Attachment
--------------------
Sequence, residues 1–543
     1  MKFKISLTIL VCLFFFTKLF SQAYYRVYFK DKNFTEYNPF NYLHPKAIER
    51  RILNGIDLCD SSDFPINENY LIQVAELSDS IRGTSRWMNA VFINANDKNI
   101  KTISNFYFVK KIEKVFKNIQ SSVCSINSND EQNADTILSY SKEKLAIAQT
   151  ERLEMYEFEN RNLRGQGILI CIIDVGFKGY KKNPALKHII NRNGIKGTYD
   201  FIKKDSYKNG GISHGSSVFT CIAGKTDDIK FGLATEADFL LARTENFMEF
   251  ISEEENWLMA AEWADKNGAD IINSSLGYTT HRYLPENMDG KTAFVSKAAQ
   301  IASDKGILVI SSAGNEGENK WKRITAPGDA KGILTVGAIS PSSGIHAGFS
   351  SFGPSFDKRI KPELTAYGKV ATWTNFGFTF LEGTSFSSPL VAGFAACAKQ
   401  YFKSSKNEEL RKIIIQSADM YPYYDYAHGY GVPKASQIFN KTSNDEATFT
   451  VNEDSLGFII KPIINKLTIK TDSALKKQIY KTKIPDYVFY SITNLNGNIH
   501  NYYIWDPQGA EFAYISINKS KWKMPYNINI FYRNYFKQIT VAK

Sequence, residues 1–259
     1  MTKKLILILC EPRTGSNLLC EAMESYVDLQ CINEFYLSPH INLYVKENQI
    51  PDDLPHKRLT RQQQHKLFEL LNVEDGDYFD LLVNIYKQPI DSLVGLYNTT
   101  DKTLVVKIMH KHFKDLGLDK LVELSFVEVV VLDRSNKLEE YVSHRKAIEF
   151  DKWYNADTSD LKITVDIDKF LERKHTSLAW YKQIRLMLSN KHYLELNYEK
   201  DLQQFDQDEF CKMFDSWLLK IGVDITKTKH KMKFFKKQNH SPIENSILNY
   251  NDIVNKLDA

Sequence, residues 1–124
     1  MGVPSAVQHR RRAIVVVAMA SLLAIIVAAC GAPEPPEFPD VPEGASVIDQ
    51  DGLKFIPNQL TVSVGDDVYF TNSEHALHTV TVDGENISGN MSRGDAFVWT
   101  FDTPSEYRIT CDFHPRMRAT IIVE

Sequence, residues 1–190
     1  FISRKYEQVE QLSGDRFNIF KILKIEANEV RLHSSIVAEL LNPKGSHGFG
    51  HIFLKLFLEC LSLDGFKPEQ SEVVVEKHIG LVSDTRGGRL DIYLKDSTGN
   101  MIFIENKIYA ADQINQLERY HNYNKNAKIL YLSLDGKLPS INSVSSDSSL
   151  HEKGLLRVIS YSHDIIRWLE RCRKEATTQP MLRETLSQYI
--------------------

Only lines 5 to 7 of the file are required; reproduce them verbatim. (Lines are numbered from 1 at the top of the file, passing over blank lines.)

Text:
   151  ERLEMYEFEN RNLRGQGILI CIIDVGFKGY KKNPALKHII NRNGIKGTYD
   201  FIKKDSYKNG GISHGSSVFT CIAGKTDDIK FGLATEADFL LARTENFMEF
   251  ISEEENWLMA AEWADKNGAD IINSSLGYTT HRYLPENMDG KTAFVSKAAQ